This raises yet another issue I have – upgrading.  If I were single again, I would upgrade nothing, nada, zilch, zippo.  At least until there was no choice.  I was happy with the 37” flat screen television we were using.  It wasn’t that old and the picture was great.  Now it’s one of the things in the back bedroom that sits gathering dust.  JD’s plan is to install it in the 5th wheel (and you know how I feel about the trailer).  I don’t need new and improved or bigger and better.

What I want is enough.  Just give me enough to get by, along with a teeny bit more for an occasional splurge.

Phew!  I had no idea this would go on and on.  I guess it’s a good thing I wrote it down, right?

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The truth can be ugly

It turns out that I’m a liar.  Not just white lies or little fibs either.  This was a blatant, though not face to face lie.  I’m a lousy liar.  My face turns red and I can’t look the person in the eye.  Lying via email is soooo much easier.

JD’s daughter (let’s call her A shall we?) emailed this morning to let the family know her youngest is being dedicated at church next month.  She hoped everyone could join them and maybe have a potluck at their house afterward.  I emailed back by replying all (so JD would see my response and not rat me out by mistake), and said we were going away that weekend because we didn’t get to go camping.

You have to understand something here in order to “get” why I lied outright.  JD is Jewish through and through.  On the surface you would never know it.  He doesn’t attend a synagogue or practice his faith openly that I’ve ever seen.  The only time he plays the Jewish card is when he’s joking about getting something cheaper.  But it is his heritage and it’s in his blood.  It hurts him that his daughter chooses the Christian faith over her birthright.  I think he should just suck it up and be happy she’s a woman of faith.

He sees it as disrespecting him.  Wait, what?  That makes no sense and it’s futile to expect a child you weren’t allowed to raise to follow your path; especially when your path isn’t all that clear.  In my opinion, respect has to be earned and with an attitude like his he isn’t earning any points toward that goal.

Let’s move on before I digress into a tirade about his attitude; none of us want that.  We did attend the dedication for A’s son a few years ago.  They belong to a nice church.  As a formerly regular churchgoer myself, I enjoyed the atmosphere that imbued the service.  I could see myself going to services there, if I were to ever decide I need that in my life again.  The entire time we were there JD was on a slow boil.  He didn’t say anything to the daughter or other family but I definitely heard about it both before and after the service.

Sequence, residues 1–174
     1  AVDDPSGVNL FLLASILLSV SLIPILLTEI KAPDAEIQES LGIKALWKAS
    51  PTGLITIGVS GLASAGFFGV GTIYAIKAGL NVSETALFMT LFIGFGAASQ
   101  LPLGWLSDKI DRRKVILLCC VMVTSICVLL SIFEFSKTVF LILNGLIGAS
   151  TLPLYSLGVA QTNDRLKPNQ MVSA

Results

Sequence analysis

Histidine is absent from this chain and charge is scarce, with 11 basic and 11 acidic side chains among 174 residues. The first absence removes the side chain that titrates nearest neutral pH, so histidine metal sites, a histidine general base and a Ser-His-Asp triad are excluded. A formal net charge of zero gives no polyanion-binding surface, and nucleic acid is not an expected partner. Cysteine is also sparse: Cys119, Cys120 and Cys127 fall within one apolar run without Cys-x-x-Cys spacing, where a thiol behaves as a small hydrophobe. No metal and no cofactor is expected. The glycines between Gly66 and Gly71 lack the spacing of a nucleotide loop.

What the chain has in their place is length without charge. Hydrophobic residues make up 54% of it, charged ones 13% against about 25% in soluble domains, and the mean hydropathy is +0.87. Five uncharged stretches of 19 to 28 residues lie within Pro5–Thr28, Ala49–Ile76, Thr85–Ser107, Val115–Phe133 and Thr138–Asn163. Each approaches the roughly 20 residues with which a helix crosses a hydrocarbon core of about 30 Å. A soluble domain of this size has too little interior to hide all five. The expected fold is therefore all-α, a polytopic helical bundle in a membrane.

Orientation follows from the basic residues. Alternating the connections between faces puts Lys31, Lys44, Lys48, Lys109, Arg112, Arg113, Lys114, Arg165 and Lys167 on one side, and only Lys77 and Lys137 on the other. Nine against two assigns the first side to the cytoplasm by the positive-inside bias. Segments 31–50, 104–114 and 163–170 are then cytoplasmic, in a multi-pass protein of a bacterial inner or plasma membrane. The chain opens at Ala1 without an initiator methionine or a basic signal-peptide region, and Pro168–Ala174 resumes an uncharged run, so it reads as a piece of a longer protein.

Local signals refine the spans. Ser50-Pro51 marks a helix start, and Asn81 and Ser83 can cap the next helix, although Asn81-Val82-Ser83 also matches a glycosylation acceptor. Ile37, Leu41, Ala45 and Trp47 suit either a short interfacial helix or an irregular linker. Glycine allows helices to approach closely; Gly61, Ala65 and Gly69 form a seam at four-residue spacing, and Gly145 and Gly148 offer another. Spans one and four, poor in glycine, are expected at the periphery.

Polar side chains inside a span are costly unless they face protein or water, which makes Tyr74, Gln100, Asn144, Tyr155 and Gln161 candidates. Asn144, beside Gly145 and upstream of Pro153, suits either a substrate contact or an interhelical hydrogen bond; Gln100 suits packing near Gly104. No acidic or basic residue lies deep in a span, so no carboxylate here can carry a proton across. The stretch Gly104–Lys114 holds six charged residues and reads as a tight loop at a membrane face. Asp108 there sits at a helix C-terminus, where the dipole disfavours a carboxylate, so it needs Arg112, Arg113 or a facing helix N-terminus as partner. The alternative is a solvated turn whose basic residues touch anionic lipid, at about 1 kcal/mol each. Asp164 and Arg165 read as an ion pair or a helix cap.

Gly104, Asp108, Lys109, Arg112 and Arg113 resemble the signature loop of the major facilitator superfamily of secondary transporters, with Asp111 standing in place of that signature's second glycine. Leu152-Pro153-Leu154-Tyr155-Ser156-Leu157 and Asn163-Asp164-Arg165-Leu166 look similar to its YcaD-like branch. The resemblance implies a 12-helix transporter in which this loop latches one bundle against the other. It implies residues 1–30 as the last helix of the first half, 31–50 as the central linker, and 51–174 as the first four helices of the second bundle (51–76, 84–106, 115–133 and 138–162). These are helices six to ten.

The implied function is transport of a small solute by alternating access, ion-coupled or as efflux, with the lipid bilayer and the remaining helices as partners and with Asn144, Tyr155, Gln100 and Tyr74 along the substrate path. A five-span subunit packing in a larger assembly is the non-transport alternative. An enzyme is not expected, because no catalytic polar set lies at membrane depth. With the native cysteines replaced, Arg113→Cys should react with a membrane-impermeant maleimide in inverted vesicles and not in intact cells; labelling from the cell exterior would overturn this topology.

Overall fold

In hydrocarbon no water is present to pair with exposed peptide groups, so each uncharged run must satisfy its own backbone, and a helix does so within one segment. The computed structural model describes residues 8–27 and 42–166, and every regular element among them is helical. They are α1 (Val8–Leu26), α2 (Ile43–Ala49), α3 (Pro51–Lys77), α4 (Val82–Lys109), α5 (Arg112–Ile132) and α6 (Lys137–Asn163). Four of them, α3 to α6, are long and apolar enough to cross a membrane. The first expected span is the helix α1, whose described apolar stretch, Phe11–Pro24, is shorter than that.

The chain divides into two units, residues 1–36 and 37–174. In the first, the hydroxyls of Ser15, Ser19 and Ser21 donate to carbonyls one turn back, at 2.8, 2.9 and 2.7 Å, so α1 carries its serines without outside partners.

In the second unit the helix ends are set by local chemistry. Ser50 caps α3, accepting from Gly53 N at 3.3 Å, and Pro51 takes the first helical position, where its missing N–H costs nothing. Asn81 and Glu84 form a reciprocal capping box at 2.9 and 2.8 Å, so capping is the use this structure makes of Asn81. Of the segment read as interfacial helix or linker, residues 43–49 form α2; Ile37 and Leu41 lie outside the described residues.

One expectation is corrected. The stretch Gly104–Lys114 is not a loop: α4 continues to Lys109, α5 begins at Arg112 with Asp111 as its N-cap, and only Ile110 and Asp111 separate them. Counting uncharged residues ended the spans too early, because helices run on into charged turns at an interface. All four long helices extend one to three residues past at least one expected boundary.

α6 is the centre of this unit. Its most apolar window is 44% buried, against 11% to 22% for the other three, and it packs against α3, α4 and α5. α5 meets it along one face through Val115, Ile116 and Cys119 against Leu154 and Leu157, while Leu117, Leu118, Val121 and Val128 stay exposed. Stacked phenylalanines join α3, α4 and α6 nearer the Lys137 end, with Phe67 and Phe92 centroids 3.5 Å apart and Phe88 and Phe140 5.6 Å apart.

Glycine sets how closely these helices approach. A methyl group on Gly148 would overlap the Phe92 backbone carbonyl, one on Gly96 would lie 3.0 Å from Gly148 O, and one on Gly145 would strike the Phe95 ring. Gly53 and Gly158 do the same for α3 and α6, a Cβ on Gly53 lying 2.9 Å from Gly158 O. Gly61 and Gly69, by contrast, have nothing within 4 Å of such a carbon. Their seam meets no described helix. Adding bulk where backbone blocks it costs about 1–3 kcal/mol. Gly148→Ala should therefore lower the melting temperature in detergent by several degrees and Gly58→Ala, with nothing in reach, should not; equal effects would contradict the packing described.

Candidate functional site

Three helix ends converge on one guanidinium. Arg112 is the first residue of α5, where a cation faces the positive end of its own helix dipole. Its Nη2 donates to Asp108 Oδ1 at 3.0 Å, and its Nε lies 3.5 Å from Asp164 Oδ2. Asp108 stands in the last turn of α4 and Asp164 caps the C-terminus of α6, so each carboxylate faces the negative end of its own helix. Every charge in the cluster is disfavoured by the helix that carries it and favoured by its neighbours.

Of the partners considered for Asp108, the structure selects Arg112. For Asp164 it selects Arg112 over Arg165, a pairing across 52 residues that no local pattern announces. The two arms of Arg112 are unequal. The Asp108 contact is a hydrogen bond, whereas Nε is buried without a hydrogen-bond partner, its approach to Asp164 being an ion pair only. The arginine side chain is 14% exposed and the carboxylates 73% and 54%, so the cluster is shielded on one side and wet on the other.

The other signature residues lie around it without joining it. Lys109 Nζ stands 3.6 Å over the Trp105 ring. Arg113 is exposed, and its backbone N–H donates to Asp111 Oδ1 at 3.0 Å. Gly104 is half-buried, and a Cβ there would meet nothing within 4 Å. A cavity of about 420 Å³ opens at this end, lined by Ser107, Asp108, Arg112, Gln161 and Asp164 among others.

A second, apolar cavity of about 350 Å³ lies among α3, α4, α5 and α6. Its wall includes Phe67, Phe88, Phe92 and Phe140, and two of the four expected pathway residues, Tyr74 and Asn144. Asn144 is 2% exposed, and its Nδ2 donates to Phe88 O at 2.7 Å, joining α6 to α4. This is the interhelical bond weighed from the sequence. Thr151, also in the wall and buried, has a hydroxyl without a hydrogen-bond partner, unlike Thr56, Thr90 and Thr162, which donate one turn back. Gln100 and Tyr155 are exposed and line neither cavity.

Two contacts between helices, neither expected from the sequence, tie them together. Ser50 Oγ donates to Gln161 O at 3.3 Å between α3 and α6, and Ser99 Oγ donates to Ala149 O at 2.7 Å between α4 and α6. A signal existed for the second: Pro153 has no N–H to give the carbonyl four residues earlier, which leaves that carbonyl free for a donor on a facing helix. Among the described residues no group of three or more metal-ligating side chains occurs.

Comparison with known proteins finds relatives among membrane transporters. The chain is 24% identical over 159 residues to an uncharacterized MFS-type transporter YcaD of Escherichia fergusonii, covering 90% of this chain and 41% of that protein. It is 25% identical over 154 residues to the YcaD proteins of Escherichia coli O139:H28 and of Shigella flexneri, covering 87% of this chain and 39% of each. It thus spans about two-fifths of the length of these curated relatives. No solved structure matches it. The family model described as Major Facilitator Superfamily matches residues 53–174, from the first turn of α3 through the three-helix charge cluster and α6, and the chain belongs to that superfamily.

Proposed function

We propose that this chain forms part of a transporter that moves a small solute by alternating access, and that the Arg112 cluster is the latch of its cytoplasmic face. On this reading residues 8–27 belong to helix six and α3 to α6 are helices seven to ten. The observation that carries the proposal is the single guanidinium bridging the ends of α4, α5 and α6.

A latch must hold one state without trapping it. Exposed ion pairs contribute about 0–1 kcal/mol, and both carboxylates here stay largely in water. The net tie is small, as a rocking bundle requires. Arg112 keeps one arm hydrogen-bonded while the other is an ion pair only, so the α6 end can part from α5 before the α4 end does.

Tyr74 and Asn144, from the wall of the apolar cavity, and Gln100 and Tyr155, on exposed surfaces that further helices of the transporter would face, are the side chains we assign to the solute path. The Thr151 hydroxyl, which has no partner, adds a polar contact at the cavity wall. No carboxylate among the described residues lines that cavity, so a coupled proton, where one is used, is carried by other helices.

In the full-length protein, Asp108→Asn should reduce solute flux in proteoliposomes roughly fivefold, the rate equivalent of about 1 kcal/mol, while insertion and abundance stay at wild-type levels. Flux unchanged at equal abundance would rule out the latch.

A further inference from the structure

Every time we meet up with this daughter and her family there’s always something that sets off JD.  It could be as simple as them saying grace over the meal we’re all having.  Before JD agreed to go to Passover with Mom, he demanded that grace would not be said before the meal or he would get up and leave.  He would have too.  On this point I agree with him.  Passover is Jewish and therefore Jewish traditions should be honored.  Here’s where I think A has a lot more class than JD.  She worked with her son N, who would be the youngest male there to teach him the questions which are traditionally asked.  To my knowledge, she didn’t grumble or whine about not being able to pray as she is accustomed to doing.  In my mind (and after some of my experiences with The Church), A is a good example of what a Christian should be.  I would be proud to call her my daughter.

JD thinks if one of my kids chose to be a Rastafarian, Buddhist or some other faith that I’d understand his disappointment.  I hope I would be more tolerant (and I abhor that word) if they chose to practice a different faith.  Being spiritual doesn’t necessarily mean being religious and I’m the first to admit I’ve been lacking in the faith department lately, which is completely beside the point.

It isn’t only the daughter’s choices that irritate JD.  He personally doesn’t make the effort to celebrate Hanukkah for example, but grouses when we’re invited to “Christmas” at his sister’s.  She still goes to synagogue – once in a while anyway.  But she too married a Non-Jew and her husband’s daughters celebrate the holiday with their father so they have a tree and exchange gifts.  I’ve tried to work around JD’s animosity about the family celebration by making sure the grandchildren get both a Christmas gift and a Hanukkah present.  It has not helped.